Why is that the case? Consider the following example. Suppose the current pile sizes are {7, 5, 3, 4}.

What happens if Alice chooses the pile with 7 stones? By removing some of them, she will create a new state in which the pile sizes are {x, 5, 4, 3} for some x < 7. In order for this to be a winning move, we are looking for a value x such that (x xor 5 xor 4 xor 3) = 0.

Now we can easily see that there is exactly one such x: x = (5 xor 4 xor 3) = 2. In other words, Alice’s winning move is to go from {7, 5, 3, 4} to {2, 5, 3, 4}.

In the same example, suppose Alice chooses the pile with 3 stones. Using the same math as above, we can compute that the desired new pile size is x = (7 xor 5 xor 4) = 6. However, this is not a valid move for Alice: she cannot go from 3 stones to 6, as she can only remove stones.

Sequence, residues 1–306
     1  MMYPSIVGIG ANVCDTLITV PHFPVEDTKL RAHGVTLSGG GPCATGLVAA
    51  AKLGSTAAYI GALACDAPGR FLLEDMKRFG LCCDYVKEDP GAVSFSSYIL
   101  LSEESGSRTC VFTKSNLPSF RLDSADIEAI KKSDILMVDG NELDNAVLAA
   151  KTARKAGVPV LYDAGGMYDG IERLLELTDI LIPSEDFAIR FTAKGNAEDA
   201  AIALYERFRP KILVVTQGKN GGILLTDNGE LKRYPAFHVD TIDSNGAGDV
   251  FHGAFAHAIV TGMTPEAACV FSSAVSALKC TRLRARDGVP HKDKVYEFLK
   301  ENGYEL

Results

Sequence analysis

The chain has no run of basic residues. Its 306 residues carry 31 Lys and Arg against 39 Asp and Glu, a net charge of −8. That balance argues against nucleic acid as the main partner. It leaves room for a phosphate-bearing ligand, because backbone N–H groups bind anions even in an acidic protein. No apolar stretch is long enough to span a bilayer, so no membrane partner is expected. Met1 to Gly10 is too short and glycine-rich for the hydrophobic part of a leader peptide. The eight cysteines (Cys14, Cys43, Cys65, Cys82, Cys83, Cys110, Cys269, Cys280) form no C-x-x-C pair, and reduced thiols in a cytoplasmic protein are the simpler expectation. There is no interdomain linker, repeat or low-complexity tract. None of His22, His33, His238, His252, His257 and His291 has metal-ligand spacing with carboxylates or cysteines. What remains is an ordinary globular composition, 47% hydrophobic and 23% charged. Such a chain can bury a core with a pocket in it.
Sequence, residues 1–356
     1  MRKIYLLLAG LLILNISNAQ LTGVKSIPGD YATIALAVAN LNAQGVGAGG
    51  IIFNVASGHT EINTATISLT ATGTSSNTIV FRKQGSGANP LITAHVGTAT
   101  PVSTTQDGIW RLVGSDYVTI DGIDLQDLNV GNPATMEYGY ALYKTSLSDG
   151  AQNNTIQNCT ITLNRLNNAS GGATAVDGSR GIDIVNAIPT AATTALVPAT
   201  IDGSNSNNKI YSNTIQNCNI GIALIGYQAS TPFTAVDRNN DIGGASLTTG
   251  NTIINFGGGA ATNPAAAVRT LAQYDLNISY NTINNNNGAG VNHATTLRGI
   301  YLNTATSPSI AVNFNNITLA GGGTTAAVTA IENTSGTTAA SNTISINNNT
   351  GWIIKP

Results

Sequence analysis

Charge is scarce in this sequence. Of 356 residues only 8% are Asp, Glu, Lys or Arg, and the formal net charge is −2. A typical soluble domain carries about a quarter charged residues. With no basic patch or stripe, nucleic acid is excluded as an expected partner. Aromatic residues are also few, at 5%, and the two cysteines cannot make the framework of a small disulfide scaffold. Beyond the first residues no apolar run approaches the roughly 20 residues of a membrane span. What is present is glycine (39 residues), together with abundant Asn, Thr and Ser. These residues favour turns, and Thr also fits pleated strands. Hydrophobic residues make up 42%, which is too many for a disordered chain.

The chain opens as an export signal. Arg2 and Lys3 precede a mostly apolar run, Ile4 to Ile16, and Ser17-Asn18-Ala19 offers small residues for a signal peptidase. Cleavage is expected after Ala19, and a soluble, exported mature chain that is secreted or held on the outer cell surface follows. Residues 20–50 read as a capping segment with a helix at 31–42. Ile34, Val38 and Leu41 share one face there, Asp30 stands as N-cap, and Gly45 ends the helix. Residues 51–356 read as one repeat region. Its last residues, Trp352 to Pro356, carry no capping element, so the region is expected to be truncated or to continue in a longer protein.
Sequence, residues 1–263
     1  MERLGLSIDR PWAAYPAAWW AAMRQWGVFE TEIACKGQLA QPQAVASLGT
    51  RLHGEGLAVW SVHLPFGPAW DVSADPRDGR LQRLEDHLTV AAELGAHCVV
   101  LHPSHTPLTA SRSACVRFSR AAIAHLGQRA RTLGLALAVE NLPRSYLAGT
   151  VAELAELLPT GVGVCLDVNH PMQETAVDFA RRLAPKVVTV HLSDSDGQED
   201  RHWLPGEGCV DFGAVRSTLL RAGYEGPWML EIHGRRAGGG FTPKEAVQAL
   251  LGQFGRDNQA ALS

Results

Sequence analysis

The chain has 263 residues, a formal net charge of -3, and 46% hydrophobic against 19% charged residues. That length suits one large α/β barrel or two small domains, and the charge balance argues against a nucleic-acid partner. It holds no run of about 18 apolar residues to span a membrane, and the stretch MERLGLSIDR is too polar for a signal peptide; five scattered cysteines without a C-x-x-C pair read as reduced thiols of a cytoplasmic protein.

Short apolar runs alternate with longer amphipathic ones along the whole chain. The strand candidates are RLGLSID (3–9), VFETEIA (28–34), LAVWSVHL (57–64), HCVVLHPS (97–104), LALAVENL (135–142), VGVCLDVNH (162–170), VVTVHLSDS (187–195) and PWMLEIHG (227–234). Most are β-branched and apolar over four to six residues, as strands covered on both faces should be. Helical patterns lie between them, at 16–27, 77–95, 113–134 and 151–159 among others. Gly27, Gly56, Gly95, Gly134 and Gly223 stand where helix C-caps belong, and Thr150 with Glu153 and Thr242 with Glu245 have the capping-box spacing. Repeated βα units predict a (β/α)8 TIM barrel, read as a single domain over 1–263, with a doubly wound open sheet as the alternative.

This observation can easily be generalized. In order to count the winning moves for Alice, we just do the following: For each pile p, compute x = the bitwise xor of all other piles. If x < p, Alice has a winning move on this pile, otherwise she doesn’t.

```
def count(A):
xorall = 0
for a in A: xorall = xorall ^ a
winning = 0
for a in A:
needed = xorall ^ a
if needed < a: winning += 1
return winning
```

## SimpleMathProblem

There are multiple ways to tackle this problem. I tried to choose one that has a small number of special cases.

Our goal is to compute a^(b^c) modulo m. The two main tools for such jobs are:

https://en.wikipedia.org/wiki/Euler%27s_theorem that can be used if a and m are coprime